My only qualm is that I felt that some events towards the end of the book are not that clearly linked and more episodic in feel, which makes the last third feel rushed but this is a small quibble for it did not hinder my enjoyment. This was my first Park novel and I will definitely check out more in the future (or when I finish this 1001 task of mine)

Book 980 David Mitchell – Cloud Atlas

This is not my first Mitchell,, my first was 2006’s Black Swan Green, which I thought was very good. I was going through a tough time that year and thankfully it helped me forget my unemployment crisis. I hten moved on to his previous novel ‘Cloud Atlas’ but I admit it was a very superficial read as I did not feel like a heavy novel at the time.

Now that I had a second chance to analyse the novel deeply, I was able to understand the importance of the sixth part (more of that later) to the whole novel and obviously how intricately linked the remaining parts are.

With out going into heavy and confusing detail I will  attempt to summarise the whole novel.

The book begins with Adam Ewing, an explorer who has been shipwrecked on the coast of New Zealand and discovers about the customs of the Moari and the sub tribe. Eventually one of the tribesmen hides himself on Ewing’s ship and helps him. You could say this is a tale focusing on racism. This is all recorded in Ewing’s Journal.

The Jouranl finds it’s way into the hands of bisexual Robert Forbisher, a character who is attempts to transcribe notes for a Belgian composer, while creating his own symphony called Cloud Atlas (a classical piece in six parts – get the connection). He corresponds with his gay lover Rufus Sixsmith.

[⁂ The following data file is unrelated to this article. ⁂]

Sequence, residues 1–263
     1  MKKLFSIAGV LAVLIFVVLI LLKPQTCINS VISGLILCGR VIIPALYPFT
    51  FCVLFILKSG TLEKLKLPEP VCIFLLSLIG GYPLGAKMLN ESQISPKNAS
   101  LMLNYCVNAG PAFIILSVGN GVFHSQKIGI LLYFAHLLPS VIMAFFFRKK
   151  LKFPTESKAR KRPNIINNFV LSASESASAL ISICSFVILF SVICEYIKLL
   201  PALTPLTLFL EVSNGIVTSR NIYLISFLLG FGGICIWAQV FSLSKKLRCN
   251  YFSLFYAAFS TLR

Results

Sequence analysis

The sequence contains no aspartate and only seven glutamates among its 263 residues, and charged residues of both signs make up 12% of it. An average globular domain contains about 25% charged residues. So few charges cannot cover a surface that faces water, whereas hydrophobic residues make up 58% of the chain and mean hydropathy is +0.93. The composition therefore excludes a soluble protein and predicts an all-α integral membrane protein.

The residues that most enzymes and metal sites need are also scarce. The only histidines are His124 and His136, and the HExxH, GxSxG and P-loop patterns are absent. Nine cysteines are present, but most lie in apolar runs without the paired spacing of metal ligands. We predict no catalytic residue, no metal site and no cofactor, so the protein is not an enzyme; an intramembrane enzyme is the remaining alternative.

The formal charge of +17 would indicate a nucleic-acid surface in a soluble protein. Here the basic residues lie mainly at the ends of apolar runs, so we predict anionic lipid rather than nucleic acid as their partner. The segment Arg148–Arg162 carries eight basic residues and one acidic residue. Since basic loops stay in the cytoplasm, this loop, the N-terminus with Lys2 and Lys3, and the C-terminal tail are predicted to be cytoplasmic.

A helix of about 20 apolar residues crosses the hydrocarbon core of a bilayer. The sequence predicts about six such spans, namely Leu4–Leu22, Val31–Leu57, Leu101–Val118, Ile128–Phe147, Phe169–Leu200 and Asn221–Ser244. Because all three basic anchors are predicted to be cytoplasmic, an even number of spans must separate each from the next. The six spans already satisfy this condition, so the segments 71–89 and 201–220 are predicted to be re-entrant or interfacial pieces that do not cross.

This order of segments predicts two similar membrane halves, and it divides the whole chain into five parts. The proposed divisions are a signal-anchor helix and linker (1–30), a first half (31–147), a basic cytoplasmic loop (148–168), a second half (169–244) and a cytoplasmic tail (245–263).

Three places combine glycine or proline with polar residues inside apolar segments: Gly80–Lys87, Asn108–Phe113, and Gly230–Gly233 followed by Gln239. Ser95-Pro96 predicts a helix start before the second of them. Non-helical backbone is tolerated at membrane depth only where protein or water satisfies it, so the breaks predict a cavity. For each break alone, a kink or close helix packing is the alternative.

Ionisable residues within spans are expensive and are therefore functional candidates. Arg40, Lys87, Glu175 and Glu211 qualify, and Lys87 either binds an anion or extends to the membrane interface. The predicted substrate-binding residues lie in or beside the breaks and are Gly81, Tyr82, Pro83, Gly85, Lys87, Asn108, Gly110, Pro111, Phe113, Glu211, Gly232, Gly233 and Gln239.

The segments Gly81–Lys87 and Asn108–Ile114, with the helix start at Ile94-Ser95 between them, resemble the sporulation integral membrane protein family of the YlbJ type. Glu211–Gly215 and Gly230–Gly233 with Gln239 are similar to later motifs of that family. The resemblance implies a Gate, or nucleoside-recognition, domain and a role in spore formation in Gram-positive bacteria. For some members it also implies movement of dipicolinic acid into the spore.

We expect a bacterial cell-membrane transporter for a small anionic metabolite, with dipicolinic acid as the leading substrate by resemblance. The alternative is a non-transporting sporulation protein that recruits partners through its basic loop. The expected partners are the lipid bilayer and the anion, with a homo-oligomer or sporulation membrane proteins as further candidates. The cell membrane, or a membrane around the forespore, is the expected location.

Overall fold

These letters and the Cloud Atlas symphony find their way into the journalist Luisa Rey, who befriends Sixsmith (now an old man) and try expose a company that is polluting the air with radiation. This is clearly an eco mystery and my least favourite part of the book.

These adventures form part of a manuscript, which falls into the hands of a publishing head called Timothy Cavendish, who accidentally finds himself trapped in an old age homw, while trying to escape from his creditors. This would be the ‘comic relief’ bit of  Cloud Atlas and my fave bit.

This saga is actually a film that an android called Somni 451, who is being persecuted for being too human.

The last part takes place in a post apocalyptic island, where a goat herder called Zachry discovers the importance of Somni and the mysterious comet shaped birthmark which is imprinted of every character in the book.

Needless to say that this is a breathtaking novel. Six different literary styles all mashed together makes compulsive reading and it’s probably the only novel that made me smile and tense within the space of half an hour. It is very readable as well so it won’t take too long to plough through. Dare I say that this is a future classic?